Military Music:
Sousa and The Hellfighters



Marches were a central influence in the creation of the Jenkins' Band sound because marches were some of the only notated music available for the bands to play. As a trombonist in the band, Julius Watson reminisced, "We played every Sousa march there ever was." But these marches sounded radically different than originally intended: the music was affected by all the elements shown on the main music page. With the aid of African musical elements and the syncopation of ragtime music, the marches became looser and more "raggedy" when played by the Jenkins' Orphanage Bands.

Listening Room

"Stars & Stripes Forever,"
a Sousa march played by the Dallas Wind Symphony (In RealAudio format)
James Reese Europe's "Marching Hellfighters"

The other major influence in military music was Lt. James Reese Europe. After migrating from Mobile, Alabama to Washington, D.C. and finally to New York, Europe became famous leading the Clef Club Orchestra. After successful concerts at Carnegie Hall, he suddenly left the orchestra and started to work for Irene and Vernon Castle at the Castle House.
Later, when the U.S. entered World War I, Europe enlisted in New York's all-black regiment, the 15th Infantry. The colonel soon called on Europe "to organize for me the best damn brass band in the United States Army."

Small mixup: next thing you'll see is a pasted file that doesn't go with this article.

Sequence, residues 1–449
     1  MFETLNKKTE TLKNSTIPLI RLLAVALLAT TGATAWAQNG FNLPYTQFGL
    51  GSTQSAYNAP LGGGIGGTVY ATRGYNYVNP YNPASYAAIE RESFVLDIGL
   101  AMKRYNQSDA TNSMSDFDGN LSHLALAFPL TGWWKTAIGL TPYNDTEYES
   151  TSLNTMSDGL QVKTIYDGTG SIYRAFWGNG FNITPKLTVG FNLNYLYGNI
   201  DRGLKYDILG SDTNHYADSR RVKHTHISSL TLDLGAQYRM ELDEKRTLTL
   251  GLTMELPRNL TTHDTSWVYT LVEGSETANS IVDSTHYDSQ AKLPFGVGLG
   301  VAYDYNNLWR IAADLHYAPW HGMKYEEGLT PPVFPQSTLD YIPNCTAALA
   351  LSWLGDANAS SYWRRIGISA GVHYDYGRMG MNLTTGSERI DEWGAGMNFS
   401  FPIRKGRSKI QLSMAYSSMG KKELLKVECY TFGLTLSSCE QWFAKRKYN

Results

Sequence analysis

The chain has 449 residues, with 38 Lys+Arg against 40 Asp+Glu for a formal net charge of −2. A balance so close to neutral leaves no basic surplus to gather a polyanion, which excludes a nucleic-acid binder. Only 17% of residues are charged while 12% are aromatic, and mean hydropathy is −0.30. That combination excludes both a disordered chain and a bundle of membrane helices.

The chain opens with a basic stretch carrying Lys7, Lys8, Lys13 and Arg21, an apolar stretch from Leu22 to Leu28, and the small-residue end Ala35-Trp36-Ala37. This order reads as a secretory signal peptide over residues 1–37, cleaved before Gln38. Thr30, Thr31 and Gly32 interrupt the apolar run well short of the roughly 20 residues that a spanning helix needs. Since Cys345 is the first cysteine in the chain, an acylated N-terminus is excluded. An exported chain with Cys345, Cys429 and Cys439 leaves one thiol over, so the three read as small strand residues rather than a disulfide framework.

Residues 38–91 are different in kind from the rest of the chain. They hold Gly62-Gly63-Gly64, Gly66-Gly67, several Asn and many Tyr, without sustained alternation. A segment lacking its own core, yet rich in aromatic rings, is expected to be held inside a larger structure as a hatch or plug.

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Europe recruited the best players and did indeed have "the best damn brass band in the Army." He also recruited more than just musicians: he looked actively for singers, comedians, dancers, and others who could entertain troops along the way. And like the Jenkins' Orphanage Bands, Reese recruited the best drum major he could find: the Harlem dancer Bill "Bojangles" Robinson.

When the band was sent to France in the fall of 1917, they were sent as the 369th Infantry Band. This infantry was nicknamed "the Hellfighters," so the band also adopted the name. With their raggedy, jazzy feeling, the band was a huge hit abroad and Samuel Charters gives some of the credit for France's affinity for jazz to "the Hellfighters:"

They made such an impression on France that there was an immediate
demand for Negro jazz musicians in Paris, and France developed a
taste for jazz that is still very strong.


Hellfighters marching down Fifth Ave After the Germans surrendered, "the Hellfighters" band returned home by marching down Fifth Avenue playing one of their raggedy tunes. Months later, in a most ironic turn, Herbert Wright, a drummer and former Jenkins' Orphanage Band member, broke Reese's jugular vein with a penknife. James Reese Europe died at the age of forty on May 9, 1919.


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